How one military officer initiated a 'culture overhaul' in a failing ER through data utilization

How one military officer initiated a 'culture overhaul' in a failing ER through data utilization

by John W. Mitchell, Senior Correspondent | March 02, 2016
Emergency Medicine Health IT Population Health
  • Too many non-urgent patients

  • No incentive to see more patients

  • Administration counts beans; they don’t move beans

  • This is socialized (military) medicine, it’s supposed to be slow.

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    The results of his culture reinvention were epic. From 2010 through 2014, patients who left without being seen dropped from nearly 500 a year to less than 10. The patient length of stay in the ER dropped 29 percent. And the door-to-see-the-doctor time dropped 78 percent. This achievement placed the ER at Keesler Medical Center not just the best in the military, but among the best performance metrics in the entire hospital sector.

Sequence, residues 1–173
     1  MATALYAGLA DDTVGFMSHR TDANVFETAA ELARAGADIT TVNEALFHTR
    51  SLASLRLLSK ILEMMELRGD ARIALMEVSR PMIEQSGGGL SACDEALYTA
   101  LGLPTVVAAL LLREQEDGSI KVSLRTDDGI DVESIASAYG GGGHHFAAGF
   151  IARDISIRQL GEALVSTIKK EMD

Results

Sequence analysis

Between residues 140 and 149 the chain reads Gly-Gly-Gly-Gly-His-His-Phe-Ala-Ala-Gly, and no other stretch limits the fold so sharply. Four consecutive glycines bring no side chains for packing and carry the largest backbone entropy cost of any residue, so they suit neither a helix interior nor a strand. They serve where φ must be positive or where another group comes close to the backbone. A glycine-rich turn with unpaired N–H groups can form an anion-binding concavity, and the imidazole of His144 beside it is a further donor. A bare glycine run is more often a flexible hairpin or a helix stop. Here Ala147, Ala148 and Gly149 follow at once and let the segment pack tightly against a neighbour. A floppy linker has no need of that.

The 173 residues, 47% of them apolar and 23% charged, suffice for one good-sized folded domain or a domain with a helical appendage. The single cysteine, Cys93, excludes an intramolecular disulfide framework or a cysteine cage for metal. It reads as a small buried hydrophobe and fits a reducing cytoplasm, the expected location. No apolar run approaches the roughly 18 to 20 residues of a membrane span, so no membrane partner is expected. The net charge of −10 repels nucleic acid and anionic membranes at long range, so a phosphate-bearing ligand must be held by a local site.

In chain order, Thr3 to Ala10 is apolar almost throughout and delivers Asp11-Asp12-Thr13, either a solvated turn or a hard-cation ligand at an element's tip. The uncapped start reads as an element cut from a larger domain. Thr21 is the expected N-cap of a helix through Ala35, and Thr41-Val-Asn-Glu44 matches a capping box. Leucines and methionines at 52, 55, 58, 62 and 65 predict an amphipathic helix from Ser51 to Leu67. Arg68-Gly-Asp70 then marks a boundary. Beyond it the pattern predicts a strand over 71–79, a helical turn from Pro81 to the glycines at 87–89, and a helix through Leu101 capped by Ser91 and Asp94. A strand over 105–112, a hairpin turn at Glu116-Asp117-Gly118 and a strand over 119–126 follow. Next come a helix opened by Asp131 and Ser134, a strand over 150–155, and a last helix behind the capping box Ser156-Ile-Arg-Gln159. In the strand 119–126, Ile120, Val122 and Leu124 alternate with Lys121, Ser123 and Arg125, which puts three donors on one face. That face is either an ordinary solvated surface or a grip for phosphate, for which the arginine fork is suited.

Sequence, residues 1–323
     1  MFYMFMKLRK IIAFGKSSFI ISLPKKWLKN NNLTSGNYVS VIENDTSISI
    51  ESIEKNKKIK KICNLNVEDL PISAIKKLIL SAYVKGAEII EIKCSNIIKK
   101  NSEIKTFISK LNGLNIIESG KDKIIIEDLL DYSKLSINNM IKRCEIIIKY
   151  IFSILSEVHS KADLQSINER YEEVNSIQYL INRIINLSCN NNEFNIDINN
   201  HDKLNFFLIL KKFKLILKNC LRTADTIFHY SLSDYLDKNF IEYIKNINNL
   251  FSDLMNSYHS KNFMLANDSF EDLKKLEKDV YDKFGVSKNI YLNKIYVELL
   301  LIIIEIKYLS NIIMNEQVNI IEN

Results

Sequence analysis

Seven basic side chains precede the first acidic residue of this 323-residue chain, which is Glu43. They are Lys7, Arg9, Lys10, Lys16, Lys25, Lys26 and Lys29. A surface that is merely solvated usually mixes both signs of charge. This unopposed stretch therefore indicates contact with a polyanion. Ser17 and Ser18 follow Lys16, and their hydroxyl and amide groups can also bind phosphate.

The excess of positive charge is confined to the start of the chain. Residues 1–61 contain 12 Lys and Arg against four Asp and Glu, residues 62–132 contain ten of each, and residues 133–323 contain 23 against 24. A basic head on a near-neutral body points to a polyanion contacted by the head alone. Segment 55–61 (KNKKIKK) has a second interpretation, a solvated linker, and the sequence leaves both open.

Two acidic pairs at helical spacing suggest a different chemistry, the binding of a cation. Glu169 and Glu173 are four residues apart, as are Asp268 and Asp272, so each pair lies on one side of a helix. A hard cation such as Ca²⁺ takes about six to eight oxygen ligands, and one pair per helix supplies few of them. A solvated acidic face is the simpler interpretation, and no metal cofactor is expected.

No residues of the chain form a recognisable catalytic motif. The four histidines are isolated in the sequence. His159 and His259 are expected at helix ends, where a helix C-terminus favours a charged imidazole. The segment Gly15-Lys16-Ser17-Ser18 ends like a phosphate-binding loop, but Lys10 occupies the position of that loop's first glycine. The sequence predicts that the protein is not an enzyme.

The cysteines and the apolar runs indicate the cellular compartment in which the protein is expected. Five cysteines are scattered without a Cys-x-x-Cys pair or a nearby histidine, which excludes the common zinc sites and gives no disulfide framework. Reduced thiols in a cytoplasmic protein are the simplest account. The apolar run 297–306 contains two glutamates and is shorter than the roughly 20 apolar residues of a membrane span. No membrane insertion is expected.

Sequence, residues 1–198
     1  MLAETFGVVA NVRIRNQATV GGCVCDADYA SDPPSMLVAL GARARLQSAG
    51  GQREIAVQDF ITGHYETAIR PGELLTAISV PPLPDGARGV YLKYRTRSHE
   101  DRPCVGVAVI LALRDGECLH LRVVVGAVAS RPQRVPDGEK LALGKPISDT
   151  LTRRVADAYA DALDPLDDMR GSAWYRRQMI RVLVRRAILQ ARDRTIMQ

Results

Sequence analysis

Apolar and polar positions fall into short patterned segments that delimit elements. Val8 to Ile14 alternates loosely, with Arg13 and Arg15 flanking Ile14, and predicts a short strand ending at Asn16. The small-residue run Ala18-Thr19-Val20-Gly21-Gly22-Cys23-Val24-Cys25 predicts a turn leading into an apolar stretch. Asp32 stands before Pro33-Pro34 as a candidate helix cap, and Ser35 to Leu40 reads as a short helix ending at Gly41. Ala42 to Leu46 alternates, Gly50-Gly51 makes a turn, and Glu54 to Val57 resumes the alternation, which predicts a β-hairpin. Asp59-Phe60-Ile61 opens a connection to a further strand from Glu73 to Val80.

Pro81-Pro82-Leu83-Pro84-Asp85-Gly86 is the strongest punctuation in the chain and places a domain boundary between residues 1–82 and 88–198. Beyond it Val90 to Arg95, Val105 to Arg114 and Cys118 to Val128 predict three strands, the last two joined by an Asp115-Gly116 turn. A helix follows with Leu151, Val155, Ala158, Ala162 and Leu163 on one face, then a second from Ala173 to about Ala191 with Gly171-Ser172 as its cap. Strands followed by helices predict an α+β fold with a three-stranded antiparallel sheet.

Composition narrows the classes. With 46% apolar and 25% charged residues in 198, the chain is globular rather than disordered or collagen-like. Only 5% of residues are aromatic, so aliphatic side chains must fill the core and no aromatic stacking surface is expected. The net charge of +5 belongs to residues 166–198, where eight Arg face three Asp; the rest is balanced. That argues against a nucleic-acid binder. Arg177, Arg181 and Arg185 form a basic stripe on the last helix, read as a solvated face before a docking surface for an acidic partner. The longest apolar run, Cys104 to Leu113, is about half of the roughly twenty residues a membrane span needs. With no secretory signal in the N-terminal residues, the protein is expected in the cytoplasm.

Pocreva said that in addition to relying on the emerging capability of electronic patient medical records, he also made the most important resource a priority: his people.

    “I appealed to why people go into medicine in the first place,” he said. “And that’s to take care of people, and in our case, to serve our country. Once you get people to remember their core values, the spark returns.”

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